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What We Believe But Cannot Prove

What We Believe But Cannot Prove | Book Review

Reviewed by Thomas Scarborough

The title of this book stands for a question that was put to 109 leading scientists: “What do you believe but cannot prove?” Some wrote a single paragraph in response, others wrote three to four pages. This is not a Christian book, and would at times tend in the opposite direction. However, there are two major issues which might be of particular interest to Christians.

The first is a question behind the question, which recurs many times. That is, what do the authors believe belief to be? Leon Ederman would seem to speak for many contributors with the comment: “To believe something while knowing it cannot be proved (yet) is the essence of physics,” while Mihalyi Csikszentmihalyi states: “I can prove almost nothing I believe in.” One of the more interesting comments is by Maria Spiropulu: “I would suggest that belief and proof are in some way complementary: If you believe something, you don’t need proof of it, and if you have proof, you don’t need to believe.” That is, proof and belief share in each other. This being so, neither could be said to be an adequate basis for religious conviction. Does this suggest that all belief must be of this (inadequate) kind, or that a different category of faith — a different category altogether — exists? Some of the greatest Christian theologians have hinted that this may be so — among them Augustine, who wrote of “an unchangeable Light above this light of my soul . . . different, entirely different” (Farina 1984:10).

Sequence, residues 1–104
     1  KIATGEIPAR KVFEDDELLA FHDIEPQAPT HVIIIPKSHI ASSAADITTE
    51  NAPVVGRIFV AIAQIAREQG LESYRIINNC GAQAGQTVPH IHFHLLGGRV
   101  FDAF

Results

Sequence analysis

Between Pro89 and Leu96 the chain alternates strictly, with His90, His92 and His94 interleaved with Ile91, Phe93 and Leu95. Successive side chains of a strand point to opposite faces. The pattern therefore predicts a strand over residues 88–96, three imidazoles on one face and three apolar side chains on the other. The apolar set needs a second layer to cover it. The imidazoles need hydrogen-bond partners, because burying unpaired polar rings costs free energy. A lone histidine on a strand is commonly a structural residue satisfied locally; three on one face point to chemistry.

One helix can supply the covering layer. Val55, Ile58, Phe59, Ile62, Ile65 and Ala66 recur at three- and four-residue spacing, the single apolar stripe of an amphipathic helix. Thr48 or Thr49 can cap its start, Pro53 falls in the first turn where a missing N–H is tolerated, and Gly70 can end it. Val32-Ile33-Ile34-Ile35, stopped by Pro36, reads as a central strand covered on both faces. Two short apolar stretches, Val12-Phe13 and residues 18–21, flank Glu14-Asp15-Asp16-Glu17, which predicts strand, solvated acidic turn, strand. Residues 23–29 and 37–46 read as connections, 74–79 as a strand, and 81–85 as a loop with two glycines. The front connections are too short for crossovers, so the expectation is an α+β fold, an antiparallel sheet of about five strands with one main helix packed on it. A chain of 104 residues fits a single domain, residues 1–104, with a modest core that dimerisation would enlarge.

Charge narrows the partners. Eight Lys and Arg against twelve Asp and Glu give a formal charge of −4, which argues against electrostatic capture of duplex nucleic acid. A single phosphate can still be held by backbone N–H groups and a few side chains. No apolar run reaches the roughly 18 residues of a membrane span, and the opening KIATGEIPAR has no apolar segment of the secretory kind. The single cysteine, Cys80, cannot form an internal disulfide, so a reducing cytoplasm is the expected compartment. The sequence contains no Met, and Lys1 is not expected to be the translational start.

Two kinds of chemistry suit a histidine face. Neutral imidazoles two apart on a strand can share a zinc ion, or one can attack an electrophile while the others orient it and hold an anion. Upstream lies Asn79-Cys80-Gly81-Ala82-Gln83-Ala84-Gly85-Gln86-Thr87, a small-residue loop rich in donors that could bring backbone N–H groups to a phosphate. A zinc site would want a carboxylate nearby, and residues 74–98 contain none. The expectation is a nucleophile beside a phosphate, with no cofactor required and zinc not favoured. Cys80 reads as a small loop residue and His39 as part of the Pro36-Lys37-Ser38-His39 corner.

Some of the contributors’ beliefs might seem to some to be well-established facts. It should be of particular interest that scientists themselves consider many “facts” to be beliefs. Gino Segr


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